Translating from American to Canadian, when these are used as verbs, is it “log in” and “log out” or “login” and “logout”?

This is not a duplicate of questions such as“Login” or “log in”? or “log in to” or “log into” or “login to”. The reason is that this question deals specifically with converting from American English ...
1
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1answer
351 views

“Her” in a sentence

I have a question about the use of "her" in English. Here is a conversation: Q. Any luck finishing your part? A. Working on her right now. Here, does her refer to part A of the question? Is it ...
1
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2answers
2k views

"Why are you still in my office? VS Why do you still in my office? [closed]

What is the difference between those questions and which one is the correct form?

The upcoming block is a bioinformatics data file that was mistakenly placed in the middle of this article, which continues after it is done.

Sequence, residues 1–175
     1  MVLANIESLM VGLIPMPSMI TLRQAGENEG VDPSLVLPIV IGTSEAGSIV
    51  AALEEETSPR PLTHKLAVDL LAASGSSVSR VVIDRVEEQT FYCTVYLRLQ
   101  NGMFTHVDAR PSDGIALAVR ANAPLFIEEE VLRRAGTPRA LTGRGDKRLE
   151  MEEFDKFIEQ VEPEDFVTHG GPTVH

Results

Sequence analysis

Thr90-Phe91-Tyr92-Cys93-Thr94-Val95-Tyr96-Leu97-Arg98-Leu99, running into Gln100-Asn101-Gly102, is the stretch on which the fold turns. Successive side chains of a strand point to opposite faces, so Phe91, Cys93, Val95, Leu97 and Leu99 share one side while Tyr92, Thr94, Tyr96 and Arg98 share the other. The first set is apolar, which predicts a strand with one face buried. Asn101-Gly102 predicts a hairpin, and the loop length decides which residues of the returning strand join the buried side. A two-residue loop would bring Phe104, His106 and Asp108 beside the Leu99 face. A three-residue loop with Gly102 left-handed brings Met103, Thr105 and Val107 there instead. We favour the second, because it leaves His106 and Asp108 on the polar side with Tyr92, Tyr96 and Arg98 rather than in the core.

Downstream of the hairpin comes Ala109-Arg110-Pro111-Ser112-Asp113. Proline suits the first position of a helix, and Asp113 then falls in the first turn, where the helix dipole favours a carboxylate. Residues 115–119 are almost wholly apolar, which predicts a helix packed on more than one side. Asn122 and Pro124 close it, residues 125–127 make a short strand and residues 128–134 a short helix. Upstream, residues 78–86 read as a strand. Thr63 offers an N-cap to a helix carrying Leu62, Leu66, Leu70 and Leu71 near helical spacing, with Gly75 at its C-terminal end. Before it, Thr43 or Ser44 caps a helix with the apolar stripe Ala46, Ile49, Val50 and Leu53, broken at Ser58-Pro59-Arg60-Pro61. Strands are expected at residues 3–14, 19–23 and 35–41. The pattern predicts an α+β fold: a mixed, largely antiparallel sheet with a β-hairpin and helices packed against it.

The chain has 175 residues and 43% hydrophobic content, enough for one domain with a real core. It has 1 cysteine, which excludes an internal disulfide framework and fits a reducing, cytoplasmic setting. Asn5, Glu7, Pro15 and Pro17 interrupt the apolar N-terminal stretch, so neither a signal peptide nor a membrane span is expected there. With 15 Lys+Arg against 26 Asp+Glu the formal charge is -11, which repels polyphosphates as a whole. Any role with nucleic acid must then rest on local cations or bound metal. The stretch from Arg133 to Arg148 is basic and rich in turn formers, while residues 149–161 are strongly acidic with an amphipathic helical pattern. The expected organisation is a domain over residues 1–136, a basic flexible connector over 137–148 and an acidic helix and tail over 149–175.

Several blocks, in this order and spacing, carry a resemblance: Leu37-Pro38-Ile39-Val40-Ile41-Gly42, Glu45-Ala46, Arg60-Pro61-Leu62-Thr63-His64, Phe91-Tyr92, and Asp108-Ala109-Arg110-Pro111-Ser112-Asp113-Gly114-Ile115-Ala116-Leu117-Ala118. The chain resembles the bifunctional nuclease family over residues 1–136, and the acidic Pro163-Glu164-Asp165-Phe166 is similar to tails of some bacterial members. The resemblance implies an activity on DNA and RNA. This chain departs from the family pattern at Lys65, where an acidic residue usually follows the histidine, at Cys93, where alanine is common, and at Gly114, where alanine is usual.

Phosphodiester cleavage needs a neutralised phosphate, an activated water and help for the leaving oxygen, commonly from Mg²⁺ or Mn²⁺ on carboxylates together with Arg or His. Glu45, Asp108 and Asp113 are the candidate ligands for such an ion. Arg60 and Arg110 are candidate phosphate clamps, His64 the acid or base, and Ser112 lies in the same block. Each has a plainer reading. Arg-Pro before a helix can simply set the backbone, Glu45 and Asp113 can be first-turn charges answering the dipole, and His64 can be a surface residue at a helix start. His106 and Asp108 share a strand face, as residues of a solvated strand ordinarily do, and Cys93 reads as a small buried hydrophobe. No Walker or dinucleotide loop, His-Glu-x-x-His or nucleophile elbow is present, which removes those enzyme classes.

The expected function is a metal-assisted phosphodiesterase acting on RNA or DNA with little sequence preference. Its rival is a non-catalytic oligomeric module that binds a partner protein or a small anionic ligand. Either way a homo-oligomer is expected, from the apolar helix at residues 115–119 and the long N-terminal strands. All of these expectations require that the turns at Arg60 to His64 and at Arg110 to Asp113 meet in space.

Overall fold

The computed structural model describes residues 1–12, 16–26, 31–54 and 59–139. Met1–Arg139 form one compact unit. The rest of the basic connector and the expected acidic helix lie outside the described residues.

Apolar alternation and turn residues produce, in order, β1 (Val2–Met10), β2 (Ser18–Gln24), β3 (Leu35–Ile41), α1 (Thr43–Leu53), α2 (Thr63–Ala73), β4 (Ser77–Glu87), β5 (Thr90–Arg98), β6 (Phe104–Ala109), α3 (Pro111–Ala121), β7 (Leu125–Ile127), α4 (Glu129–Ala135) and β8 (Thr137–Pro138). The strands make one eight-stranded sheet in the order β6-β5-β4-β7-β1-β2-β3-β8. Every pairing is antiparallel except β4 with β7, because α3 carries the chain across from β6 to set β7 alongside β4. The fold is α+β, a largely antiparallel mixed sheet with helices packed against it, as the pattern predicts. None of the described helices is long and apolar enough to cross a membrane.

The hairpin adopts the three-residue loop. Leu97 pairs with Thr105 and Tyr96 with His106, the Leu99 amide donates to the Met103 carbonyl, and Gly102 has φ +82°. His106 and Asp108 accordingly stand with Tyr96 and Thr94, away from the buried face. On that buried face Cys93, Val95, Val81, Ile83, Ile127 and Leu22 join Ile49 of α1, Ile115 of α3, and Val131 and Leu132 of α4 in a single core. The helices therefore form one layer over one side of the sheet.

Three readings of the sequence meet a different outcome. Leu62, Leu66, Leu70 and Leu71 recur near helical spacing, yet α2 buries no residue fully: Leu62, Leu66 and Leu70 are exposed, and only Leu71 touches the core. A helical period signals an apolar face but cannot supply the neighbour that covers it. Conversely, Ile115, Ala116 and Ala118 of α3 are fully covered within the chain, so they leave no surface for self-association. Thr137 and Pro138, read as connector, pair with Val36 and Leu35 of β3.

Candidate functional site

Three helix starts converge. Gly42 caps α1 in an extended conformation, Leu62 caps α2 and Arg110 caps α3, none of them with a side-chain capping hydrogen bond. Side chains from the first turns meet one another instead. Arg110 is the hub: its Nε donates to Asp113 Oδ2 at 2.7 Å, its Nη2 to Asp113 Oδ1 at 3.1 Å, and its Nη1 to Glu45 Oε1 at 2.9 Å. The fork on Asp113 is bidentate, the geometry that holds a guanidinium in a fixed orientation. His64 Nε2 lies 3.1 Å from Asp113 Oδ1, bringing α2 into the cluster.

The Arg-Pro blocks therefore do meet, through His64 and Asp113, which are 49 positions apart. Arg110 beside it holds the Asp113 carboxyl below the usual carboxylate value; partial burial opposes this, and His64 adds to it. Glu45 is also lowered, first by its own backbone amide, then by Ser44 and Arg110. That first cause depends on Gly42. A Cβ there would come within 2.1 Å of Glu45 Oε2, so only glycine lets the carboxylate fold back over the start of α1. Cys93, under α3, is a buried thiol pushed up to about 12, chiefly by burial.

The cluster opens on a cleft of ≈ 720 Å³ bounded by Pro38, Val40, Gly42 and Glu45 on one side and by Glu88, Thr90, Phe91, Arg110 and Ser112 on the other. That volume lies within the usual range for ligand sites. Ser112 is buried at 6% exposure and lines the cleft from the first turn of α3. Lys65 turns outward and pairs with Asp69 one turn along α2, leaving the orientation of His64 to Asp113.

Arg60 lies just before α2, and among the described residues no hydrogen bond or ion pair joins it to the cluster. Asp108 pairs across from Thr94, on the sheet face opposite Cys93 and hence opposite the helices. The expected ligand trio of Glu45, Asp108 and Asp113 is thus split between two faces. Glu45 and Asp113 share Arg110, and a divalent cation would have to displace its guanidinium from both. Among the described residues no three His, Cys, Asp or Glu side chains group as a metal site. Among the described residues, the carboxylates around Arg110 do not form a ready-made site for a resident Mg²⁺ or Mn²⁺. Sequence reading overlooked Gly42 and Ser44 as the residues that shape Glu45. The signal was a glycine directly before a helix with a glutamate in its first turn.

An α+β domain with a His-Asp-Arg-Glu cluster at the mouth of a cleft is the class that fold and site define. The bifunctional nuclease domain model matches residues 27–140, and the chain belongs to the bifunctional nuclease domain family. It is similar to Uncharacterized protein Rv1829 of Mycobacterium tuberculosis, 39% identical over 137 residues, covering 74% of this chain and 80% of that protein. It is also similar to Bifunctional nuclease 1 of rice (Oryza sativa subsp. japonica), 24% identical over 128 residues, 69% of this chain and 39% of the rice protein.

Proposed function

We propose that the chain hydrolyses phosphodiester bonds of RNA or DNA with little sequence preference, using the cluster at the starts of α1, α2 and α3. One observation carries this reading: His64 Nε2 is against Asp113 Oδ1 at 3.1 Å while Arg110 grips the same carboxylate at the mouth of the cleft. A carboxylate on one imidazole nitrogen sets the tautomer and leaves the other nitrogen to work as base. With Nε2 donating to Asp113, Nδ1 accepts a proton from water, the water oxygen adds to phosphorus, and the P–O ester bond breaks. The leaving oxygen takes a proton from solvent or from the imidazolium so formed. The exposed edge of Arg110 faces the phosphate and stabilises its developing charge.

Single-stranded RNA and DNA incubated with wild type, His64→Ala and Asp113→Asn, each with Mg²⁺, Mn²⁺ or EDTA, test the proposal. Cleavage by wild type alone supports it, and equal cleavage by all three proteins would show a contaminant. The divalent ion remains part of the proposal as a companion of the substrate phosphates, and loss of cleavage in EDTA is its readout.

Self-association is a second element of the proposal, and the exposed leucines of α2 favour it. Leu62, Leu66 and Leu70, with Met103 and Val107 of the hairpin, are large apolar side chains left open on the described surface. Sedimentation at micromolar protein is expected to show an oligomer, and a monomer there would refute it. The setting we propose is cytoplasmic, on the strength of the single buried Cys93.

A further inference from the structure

1
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3answers
9k views

Use of “as good” and “as well”

Are these two sentences correct? This is as good as ... This works as well as ... Edit: This one is as good as the other one. This one works as well as the other one.
4
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4answers
9k views

Boogie - Negative connotation?

I work in a company which has a product called "Boogie" (for reasons that the original owner knows). The product has been called that way for years in our French Canadian environment. Our few English ...
2
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3answers
432 views

Résumé as summary vs document describing work experience

Because "résumé" or "resume" as a noun is a false cognate with the French equivalent, I tend to avoid using "résumé" to mean "summary", and only reserve it to mean "that document people bring to ...
3
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1answer
2k views

What is the most common name for the floor above the ground floor in Canada?

I think the floor above the ground floor, in public buildings, is either called 2nd floor (in which case the ground floor is the first) or 1st floor. This is quite confusing since you need to know the ...
17